The Greater Journey, by David McCullough

In the 1830s most Americans were finding plenty of adventure in their own country. It was just over 50 years old, after all. Some were trudging along the new Oregon Trail; some were pushing Native Americans west of the Mississippi with legislation or guns; others were involved in increasingly volatile arguments over slavery.

But not all Americans were thinking about America. Dozens of young adults were heading east instead of west, across the Atlantic Ocean to France. David McCullough immersed himself in their letters, diaries, lectures and memoirs and has shaped the material into a fine popular history of both individual travelers and the French era that they sailed into.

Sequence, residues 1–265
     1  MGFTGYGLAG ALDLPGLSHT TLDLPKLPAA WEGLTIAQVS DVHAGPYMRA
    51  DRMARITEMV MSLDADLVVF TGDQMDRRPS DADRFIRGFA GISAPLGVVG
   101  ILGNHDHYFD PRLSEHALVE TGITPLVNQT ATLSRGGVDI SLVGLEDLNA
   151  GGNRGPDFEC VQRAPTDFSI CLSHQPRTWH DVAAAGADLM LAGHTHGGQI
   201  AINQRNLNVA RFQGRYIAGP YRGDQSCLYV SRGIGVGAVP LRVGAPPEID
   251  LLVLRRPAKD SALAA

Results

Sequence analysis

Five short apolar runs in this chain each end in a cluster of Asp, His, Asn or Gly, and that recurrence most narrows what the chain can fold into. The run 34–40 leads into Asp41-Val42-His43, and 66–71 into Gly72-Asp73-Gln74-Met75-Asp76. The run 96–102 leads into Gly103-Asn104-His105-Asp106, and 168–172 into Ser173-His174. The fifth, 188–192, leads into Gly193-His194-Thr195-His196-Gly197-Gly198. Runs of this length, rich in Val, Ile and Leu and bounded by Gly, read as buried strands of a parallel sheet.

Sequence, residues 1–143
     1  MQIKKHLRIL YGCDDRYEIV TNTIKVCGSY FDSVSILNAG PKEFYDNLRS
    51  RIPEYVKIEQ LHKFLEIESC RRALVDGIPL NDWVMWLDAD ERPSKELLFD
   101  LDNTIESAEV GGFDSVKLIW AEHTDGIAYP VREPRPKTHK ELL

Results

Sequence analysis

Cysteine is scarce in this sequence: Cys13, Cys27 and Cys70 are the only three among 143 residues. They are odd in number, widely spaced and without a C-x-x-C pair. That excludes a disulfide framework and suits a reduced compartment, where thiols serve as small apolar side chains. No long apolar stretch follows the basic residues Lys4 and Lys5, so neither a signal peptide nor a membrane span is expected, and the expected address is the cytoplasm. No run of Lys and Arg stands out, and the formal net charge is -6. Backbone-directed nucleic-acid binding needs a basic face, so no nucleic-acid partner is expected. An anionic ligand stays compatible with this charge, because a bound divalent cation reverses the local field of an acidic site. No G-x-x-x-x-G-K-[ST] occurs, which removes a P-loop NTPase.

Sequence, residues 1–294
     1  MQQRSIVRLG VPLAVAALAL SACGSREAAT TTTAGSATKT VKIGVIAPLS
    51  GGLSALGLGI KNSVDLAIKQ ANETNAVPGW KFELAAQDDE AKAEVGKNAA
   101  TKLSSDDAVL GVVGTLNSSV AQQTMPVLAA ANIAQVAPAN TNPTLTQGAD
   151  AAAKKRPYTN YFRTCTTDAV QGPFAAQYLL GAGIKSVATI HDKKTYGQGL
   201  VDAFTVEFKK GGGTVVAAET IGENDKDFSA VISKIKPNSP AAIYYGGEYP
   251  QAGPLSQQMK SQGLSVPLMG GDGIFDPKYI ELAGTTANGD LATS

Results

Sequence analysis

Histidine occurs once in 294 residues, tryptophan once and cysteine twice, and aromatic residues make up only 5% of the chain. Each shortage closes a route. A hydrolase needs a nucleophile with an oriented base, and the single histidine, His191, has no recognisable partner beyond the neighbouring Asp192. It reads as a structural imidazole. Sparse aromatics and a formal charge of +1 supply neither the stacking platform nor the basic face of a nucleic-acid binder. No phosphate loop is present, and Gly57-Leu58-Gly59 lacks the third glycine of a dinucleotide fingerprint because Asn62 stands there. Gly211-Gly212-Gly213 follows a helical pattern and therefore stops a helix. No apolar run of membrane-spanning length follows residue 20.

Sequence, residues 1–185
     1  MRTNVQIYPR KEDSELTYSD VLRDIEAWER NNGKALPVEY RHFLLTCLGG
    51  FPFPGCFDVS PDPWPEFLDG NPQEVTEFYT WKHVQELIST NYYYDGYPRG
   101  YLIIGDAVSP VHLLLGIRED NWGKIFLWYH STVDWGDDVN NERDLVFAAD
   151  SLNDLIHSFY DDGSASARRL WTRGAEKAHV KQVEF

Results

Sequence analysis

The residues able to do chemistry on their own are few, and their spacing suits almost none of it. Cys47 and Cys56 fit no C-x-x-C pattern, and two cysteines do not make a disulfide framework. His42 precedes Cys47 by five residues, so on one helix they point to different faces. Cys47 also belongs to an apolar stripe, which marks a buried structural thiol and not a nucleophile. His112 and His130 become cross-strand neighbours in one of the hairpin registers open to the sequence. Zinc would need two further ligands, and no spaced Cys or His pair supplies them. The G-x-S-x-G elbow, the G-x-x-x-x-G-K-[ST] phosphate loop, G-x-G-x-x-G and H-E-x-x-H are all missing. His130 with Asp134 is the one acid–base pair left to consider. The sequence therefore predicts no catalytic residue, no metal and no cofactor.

This article is available to subscribers only. Please subscribe for full access—subscriptions begin at $2.95. Already have an online account? Log in now. Already a print subscriber? Create an online account for no additional cost.

This article is available to subscribers only.

To post a comment, log inregister, or use the Facebook comment box.